Whereas some journalists need to hide their locations, GPS technology has also been a vital tool for Nuba Reports, which uses the positioning of its on-the-ground reporters to validate accounts of bombings and other atrocities. The reporters film interviews with witnesses and evidence of bombing and use GPS locators when uploading the files to remotely based editors.
“This is a way to prevent bias in reporting and also legitimizes out stories,” Snapp said. “Sudan has constantly denied bombing civilian areas; however, our database of thousands of bombs dropped with GPS coordinates is a powerful piece of reporting that says otherwise.”
Snapp added that beyond creating short news films about the impact of the war on civilians, “We were able to verify found footage that showed a student who was detained and tortured. Our team hiked three days across dangerous territory to find him.” On another occasion, Nuba journalists combined statements from residents of a town that had been razed with found footage of a “match brigade”–a group Snapp said had been ordered by the Sudan government to burn villages in the region. The outlet’s content has been used by international outlets including The Associated Press, Reuters, France 24, BBC, All Africa, and Voice of America, he said.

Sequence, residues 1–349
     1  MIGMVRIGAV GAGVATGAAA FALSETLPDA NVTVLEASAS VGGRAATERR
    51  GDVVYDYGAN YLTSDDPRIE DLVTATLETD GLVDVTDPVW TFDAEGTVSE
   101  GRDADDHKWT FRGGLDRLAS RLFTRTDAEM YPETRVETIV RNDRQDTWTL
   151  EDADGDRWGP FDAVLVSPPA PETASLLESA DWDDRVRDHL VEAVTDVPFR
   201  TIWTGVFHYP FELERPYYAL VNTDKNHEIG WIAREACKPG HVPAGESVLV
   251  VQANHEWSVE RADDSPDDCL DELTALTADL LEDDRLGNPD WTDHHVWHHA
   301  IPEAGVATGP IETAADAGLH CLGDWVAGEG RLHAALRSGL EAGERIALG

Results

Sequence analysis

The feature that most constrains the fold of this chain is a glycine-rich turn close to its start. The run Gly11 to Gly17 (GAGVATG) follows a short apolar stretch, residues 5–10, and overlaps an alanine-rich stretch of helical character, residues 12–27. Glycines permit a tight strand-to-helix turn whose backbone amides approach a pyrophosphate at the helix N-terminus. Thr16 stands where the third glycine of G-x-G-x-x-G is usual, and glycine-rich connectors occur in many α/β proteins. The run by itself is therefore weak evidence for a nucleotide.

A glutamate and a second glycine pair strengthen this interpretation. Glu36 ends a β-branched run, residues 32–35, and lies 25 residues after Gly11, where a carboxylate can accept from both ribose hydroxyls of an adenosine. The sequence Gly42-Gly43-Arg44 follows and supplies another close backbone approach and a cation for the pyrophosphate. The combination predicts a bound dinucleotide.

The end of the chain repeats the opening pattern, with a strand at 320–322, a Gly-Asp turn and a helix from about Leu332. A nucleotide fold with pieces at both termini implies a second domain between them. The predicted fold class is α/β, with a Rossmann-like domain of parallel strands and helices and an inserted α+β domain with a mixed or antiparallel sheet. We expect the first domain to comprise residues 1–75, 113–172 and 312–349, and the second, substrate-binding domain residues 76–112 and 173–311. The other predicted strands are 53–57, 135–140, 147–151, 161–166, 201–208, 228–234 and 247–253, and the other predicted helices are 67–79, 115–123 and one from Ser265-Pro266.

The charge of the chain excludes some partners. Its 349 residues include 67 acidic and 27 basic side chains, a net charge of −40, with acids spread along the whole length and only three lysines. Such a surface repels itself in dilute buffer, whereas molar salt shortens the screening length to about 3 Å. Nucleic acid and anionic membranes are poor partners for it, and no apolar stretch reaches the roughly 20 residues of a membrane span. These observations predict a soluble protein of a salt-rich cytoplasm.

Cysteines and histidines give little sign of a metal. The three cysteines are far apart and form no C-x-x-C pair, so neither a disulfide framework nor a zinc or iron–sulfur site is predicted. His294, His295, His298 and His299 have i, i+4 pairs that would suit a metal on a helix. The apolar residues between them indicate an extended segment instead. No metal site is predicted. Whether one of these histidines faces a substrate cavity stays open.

“Nuba Reports is a bold experiment in how we cover conflicts when foreign reporting has almost disappeared and local people are the ones who can and will cover the news for us,” Snapp said. “Only one or two journalists have visited South Kordofan in the past year–so a war affecting hundreds of thousands of people, with massive running tank battles between larger armies and an intensive bombing campaign, would literally not be covered if we weren’t there.”
Jessica Jerreat is CPJ’s senior editor. She previously edited news for the broadsheet press in the U.K., including The Telegraph and the foreign desk of The Times. She has a master’s degree in war, propaganda, and society from the University of Kent at Canterbury. CPJ’s senior Southeast Asia representative Shawn Crispin, Europe and Central Asia program coordinator Nina Ognianova, and guest blogger Yan Cong contributed to this report.